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This week's editor

En Liang Khong

En Liang Khong is openDemocracy’s assistant editor.

Constitutional conventions: best practice

Devalue or Else - a new OurKingdom debate on the British currency

With a troubled future ahead for the UK, could devaluation hold the key to a more balanced and productive economy? Throwing up a range of political and economic questions beyond the tired dichotomy of austerity vs Keynesian stimulus, the debate will shed fresh light on the UK's economic position and its options in a globalised marketplace. 

US election: a Kenyan perspective

Kenyans look up to Barack Obama, whom they consider to be their most prominent "son" - but his first four years in office have fallen slightly short of their expectations.

The poisonous logic behind cuts to child benefit

Before British families bid what could be a final farewell to universal child benefit, we take a look at what is motivating Iain Duncan Smith.

A spectacle, not an election: how Italians see the race

Italians do follow the presidential election, but they see it more as an entertaining race than as a scrutiny whose outcome might directly affect their daily lives.

Mexican perspectives: within the USA and outside it

Undocumented Mexican migrants in the USA, despite being the group most vulnerable to a flagship Republican policy, have no voice in the country’s future. Those who can vote have a moral obligation to those who can’t: stop Mitt Romney in his tracks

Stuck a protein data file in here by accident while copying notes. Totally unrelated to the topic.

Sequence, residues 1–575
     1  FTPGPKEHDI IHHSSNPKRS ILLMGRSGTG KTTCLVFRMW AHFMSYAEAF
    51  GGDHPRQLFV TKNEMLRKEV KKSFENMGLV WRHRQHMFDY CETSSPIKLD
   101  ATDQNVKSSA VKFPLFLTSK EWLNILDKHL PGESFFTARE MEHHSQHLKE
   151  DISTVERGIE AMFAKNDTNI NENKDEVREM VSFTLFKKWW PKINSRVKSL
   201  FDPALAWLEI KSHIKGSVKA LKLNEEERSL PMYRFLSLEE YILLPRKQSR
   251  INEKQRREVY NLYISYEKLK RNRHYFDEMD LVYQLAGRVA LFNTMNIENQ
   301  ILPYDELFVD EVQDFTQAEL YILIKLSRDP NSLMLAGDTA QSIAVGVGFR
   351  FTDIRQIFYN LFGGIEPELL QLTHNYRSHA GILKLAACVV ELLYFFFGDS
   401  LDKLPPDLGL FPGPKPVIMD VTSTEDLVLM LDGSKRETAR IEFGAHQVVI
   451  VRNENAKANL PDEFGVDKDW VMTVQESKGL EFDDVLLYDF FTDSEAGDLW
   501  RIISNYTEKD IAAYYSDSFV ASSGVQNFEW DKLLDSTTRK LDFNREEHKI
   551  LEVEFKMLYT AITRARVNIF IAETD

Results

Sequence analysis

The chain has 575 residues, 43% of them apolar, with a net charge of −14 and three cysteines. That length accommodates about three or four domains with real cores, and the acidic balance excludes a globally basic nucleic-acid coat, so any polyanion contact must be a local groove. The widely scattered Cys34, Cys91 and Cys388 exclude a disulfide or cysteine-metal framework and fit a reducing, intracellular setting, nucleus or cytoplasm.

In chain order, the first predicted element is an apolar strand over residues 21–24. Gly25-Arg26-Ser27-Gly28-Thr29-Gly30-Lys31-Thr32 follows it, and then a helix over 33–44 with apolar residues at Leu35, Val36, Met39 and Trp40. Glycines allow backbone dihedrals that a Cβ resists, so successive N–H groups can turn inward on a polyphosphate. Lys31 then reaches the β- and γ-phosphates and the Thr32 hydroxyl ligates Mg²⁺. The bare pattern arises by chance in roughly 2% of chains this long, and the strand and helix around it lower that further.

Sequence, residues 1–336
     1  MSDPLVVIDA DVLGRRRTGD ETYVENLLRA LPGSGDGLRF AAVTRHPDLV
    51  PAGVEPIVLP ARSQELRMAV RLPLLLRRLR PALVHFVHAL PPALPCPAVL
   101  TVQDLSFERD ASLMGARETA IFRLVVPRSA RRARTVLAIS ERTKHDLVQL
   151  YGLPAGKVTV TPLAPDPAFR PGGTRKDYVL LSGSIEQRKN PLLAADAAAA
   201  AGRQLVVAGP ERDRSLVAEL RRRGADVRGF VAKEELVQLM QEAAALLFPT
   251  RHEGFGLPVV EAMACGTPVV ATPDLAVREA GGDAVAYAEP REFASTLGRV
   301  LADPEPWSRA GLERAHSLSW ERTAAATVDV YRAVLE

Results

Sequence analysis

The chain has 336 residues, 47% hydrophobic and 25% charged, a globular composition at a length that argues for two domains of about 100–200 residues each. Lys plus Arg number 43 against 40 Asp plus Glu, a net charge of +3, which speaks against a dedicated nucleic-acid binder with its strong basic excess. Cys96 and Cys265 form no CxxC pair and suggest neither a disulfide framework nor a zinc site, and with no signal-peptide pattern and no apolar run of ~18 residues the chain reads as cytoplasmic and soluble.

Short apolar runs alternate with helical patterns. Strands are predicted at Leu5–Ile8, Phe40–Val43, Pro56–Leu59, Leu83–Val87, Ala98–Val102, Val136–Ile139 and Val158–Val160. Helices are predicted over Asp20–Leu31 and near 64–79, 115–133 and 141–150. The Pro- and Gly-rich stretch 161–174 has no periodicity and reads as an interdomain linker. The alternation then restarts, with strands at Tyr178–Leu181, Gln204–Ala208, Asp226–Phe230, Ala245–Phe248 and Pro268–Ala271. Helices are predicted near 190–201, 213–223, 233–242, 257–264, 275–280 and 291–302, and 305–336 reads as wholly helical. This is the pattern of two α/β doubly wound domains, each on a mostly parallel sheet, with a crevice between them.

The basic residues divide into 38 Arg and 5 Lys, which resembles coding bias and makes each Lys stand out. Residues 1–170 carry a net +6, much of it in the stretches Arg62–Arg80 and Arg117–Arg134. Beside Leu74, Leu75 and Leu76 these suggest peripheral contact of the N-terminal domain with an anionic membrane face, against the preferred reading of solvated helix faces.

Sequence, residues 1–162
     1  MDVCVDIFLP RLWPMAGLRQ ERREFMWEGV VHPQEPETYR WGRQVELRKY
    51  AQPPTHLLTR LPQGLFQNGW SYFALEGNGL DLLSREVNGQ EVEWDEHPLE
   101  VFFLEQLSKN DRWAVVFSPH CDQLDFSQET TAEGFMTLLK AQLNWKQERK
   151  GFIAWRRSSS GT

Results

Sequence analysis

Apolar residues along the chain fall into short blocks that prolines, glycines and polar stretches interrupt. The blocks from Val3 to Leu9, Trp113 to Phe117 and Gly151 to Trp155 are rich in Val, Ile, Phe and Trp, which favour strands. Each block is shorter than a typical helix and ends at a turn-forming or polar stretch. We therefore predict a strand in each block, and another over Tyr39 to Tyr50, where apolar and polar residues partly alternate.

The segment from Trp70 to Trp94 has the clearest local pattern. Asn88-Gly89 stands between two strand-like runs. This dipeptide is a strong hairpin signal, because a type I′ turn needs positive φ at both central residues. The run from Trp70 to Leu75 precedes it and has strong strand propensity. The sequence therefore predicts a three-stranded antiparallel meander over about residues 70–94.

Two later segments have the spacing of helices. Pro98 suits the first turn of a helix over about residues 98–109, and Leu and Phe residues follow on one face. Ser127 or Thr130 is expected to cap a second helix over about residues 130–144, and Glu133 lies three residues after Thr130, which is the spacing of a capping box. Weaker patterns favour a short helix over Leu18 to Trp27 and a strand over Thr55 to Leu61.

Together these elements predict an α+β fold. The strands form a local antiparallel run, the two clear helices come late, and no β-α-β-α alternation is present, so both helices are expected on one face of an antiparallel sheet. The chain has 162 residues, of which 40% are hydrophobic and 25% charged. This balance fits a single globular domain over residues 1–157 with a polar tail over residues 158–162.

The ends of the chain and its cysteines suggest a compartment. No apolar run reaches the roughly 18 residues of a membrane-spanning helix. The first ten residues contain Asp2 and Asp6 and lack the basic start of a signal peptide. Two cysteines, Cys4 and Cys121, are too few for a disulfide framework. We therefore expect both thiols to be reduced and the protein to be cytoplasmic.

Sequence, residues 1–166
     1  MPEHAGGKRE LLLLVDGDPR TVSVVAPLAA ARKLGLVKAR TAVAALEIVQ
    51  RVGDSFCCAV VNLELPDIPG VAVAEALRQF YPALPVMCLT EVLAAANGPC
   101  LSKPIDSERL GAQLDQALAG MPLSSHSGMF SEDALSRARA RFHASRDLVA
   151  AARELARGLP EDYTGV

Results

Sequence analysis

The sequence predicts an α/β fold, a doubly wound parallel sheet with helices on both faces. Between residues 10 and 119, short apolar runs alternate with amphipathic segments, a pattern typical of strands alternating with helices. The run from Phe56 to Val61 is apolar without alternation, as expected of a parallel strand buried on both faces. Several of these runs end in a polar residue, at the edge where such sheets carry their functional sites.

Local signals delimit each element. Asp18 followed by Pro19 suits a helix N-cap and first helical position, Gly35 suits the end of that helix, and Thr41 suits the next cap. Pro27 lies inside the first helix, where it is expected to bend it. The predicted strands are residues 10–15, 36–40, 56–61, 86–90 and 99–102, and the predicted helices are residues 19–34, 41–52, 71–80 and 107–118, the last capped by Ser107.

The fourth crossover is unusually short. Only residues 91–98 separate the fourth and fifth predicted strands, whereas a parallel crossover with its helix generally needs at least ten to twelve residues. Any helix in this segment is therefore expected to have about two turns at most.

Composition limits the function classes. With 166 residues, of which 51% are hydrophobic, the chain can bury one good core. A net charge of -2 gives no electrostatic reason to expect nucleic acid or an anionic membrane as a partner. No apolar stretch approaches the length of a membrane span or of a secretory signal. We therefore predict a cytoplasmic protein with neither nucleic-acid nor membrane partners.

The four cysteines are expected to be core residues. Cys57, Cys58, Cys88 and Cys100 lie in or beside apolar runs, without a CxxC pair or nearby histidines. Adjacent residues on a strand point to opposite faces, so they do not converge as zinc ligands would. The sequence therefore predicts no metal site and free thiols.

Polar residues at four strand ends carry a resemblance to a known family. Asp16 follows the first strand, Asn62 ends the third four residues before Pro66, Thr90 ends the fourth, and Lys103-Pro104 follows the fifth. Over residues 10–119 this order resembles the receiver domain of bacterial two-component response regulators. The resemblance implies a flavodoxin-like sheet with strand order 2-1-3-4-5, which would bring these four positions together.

The presidential election and US foreign policy in the Middle East

In the presidential campaign, American foreign policy towards the Middle East has overshadowed other regions by far – underlining considerable differences between each candidate’s approach to this part of the world

The fight for a genuinely democratic Europe

In France, the Manifesto of Appalled Economists underlined some of the country’s most prominent economic concerns about the European response to the global crisis. It was signed by over 700 economists and more than 6,500 concerned citizens. Today, we publish their call for a more open, more democratic European Union.

Spanish endogamy and the US elections

Europe may be less interested in this year's election than in the 2008 one - but that doesn't mean it is any less important.

American election, Egyptian perspectives

Where the world sees two radically opposed candidates, the Egyptian street sees two sides of the same coin.

How the US elections look from Brazil

As a future great power emerging right in the USA's backyard, Brazil takes a special interest in the presidential race.

Islamisation and the future of the Islamic world

When Islamic groups command the legislative and executive powers in a country, the Islamisation of society takes centre stage. Young, enthusiastic, and ideologically driven members want rapid moves: clear legislations, conspicuous political positions, and social policies to reflect what they consider to be their ‘victory’.